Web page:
Steve Snyder always considered his father a hero. But it wasn't until after his own retirement, and years after his father's death, that he learned just how much of a story Howard Snyder had to tell.
The younger Snyder, 67, recounts his father's time as a pilot on the B-17 Susan Ruth during World War II in his first book, "Shot Down." The book gives an insightful glimpse into the lives of Howard Snyder and his crew members by sharing intimate diary entries, letters written to loved ones back home and photographs, as well as accounts of historical events, such as when the Susan Ruth was shot down in Belgium on Feb. 8, 1944.
Steve Snyder said it was never his intention to write a book, but when he retired in 2009 after 40 years in sales management, he began researching his father's story and realized that it needed to be told.
"That was pretty incredible," he said. "He wrote a handwritten diary while he was missing in action about the plane going down, which he lost while he was over in Europe but then was found later. I had read that, but I never read the letters my father had written to my mother in England. There were quite a few of those. I knew they had them, but I never looked at them until after I retired.
"It was pretty wonderful sitting there reading those letters, because it was like my dad talking to me from 1943 and 1944. These were his personal thoughts about everything that was going on."
The author said getting into the mind of his father, who died in 2007, helped him cope with the man's death and gave him a new perspective about him.
Like many veterans, Howard Snyder didn't talk in detail about his war experiences, Steve Snyder said, though the son was given a window into some pretty unique events.
"I was really close with my parents," he said. "I had gone over to Belgium in 1994 for the 50th anniversary of the liberation of Belgium and my dad's plane being shot down. Accompanying him on that trip was pretty special. He was the keynote speaker at the ceremonies.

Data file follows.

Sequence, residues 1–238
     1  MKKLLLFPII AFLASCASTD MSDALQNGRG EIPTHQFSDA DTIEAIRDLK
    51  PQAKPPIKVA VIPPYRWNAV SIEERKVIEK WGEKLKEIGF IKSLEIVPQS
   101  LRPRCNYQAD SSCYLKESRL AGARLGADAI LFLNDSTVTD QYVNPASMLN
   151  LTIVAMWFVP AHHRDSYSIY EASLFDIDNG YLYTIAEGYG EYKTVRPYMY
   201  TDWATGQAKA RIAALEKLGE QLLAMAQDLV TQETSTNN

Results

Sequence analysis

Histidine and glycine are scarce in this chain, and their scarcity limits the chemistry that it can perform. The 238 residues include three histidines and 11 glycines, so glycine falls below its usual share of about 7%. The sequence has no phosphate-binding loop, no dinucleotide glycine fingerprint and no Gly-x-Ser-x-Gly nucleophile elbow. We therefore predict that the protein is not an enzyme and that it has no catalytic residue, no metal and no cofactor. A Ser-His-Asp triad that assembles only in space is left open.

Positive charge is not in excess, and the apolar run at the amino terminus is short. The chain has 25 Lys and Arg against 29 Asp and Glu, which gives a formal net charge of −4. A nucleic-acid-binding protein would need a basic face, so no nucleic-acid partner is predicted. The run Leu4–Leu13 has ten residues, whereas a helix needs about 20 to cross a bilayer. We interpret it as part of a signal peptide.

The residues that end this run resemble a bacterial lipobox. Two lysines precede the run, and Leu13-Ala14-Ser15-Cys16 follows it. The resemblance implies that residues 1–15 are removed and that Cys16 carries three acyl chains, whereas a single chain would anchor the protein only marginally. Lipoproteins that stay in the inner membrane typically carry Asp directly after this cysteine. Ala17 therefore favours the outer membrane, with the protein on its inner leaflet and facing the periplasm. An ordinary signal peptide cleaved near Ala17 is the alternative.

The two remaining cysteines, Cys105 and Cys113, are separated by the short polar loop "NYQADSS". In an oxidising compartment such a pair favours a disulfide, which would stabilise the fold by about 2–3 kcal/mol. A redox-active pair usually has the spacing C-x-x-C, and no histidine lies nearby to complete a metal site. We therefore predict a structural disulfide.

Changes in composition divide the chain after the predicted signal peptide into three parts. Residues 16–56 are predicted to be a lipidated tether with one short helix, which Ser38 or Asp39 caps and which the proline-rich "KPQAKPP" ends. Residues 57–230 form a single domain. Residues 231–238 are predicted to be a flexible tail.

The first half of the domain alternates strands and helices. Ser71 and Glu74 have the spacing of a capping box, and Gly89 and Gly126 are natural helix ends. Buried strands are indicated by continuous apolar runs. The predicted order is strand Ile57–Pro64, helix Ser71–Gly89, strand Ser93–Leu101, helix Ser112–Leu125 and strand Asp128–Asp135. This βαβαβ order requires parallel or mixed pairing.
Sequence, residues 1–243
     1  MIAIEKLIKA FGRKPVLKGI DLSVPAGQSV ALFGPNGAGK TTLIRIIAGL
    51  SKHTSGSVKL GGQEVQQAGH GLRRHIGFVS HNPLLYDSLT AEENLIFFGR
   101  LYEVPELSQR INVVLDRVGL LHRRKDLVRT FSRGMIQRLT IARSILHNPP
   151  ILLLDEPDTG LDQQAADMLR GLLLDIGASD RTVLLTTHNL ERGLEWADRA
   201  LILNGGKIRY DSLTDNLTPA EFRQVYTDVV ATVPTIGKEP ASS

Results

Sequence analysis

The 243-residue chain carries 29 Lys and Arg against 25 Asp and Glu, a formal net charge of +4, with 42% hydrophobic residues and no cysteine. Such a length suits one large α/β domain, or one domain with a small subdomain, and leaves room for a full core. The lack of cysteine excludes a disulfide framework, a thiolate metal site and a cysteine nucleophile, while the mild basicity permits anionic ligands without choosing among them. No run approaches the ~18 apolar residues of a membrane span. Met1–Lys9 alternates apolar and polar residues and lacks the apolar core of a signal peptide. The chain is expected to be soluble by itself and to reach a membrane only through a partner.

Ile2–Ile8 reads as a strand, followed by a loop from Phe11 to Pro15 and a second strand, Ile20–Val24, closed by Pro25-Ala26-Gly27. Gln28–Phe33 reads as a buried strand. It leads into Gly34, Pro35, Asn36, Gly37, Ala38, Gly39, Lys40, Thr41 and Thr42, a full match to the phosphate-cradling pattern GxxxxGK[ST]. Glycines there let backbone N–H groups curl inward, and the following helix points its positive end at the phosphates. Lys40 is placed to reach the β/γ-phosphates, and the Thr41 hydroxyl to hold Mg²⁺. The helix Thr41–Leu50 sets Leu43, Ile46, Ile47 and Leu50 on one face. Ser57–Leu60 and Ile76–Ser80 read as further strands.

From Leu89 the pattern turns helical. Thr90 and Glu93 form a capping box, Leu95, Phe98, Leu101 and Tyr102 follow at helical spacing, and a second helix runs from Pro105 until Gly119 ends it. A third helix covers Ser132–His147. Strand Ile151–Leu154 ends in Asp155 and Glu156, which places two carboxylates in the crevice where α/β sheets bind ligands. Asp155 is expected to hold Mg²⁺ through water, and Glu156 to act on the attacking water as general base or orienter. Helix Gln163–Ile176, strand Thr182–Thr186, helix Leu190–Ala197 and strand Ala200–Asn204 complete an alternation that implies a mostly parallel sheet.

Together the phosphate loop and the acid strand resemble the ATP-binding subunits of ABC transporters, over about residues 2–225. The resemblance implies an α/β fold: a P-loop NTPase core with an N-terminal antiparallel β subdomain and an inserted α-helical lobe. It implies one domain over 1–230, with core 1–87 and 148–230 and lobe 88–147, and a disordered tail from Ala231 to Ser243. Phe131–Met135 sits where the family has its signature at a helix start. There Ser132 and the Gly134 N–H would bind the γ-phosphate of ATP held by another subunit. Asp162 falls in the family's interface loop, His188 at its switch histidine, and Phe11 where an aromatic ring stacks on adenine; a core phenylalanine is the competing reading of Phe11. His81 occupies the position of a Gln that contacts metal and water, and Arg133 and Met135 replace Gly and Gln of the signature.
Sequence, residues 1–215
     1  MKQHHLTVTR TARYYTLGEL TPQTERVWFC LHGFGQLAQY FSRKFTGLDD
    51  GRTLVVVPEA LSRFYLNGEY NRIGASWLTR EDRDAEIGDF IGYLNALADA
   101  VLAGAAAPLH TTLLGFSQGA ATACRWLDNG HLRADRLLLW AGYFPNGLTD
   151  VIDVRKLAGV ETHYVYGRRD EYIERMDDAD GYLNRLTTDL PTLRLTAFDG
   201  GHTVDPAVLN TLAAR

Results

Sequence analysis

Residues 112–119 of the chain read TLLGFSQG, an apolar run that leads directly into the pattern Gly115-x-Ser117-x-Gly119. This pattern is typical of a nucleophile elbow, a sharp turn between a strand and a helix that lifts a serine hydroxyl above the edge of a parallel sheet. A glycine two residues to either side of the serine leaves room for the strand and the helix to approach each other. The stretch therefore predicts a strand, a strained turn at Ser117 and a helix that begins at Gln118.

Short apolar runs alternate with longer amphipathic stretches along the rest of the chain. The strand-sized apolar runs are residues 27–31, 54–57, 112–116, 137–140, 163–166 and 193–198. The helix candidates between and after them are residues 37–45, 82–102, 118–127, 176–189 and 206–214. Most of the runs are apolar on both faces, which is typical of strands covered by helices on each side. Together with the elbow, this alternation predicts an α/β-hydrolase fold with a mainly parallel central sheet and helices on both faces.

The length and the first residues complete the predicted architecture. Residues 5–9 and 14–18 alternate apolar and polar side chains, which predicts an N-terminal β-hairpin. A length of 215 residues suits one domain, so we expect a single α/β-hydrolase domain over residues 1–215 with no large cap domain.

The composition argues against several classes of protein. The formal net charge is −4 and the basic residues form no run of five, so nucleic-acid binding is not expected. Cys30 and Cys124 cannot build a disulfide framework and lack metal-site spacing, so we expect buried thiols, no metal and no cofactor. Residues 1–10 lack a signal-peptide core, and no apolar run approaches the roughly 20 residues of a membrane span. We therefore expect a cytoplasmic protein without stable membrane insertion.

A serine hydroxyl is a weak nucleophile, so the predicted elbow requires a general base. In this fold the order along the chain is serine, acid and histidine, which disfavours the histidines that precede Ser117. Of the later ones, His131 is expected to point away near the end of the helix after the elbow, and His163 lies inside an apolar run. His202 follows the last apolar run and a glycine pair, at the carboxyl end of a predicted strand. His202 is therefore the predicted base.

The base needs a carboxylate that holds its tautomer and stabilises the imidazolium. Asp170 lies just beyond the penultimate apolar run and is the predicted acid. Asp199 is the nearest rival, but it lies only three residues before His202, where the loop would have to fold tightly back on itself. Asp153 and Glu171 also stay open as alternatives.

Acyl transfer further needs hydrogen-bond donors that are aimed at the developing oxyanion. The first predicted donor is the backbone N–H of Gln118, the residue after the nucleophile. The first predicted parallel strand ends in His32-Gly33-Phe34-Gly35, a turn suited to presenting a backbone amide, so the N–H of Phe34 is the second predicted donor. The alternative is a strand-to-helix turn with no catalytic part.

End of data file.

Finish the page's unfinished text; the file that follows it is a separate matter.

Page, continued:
"I knew the basics growing up about his war experiences but not in great detail. He started going over to Belgium when they erected the memorial to my dad and his crew in 1989. He went over for that, as did three other crew members who were living at the time. He started seeing all the places where all the events took place, and it brought everything back to him.
"It was after that that he started talking about the war again. When we went over again in 1994, that really reinforced it."
Snyder also received help writing his story from two Belgian men, Paul Delahaye and Jacques Lalot, who were young boys at the time of the war and became historians when they grew up.
"I don't know if I could have written a book that was as good if it wasn't for those two men, their information and their documentation," he said. "Jacques provided me with a lot of information regarding the events of April 22, when three of my dad's crew, who had evaded capture, were betrayed by Belgian collaborators and the Germans captured them and murdered them. I got the U.S. department of war crimes' investigation report that has these people talking and firsthand testimonies."
Snyder not only writes about his father but also portrays the crew who flew with him on the Susan Ruth. That wasn't always his intention, he said.
"When I got into it, I initially thought it was going to be a book only about my dad," he said. "But as I went further on, I learned this wasn't just about him, but it was also about the other members of the crew. It expanded from there that it's not only about the crew but also these brave Belgian people and how they helped them. The more I delved into it, the more fascinated I became to learn. It just became a passion."
Glenn Holbert, nephew of Susan Ruth flight engineer and prisoner of war Roy Holbert, said it meant a lot to him that Snyder decided to share these details.
"I came across a picture of the crew and got interested because I had heard things but never really heard a lot of details, because my uncle was probably in his 70s before he told anyone about his experiences," he said. "When I read the book ... I found out so many things I didn't know.
The author said he hopes his book helps people remember the importance of World War II and gives a new perspective on the lives of the soldiers.
"People kind of forget about World War II and the memory fades away, but there's no other single event in history that affected more people," he said. "Sixty million people died and so many were displaced. No one was left unaffected by the war, and no country was untouched by the war.
"There were 16 million veterans after the war, and now there are less than 1 million. Pretty soon, they'll be gone. Unless their stories are told, they're going to be forgotten. We can never forget."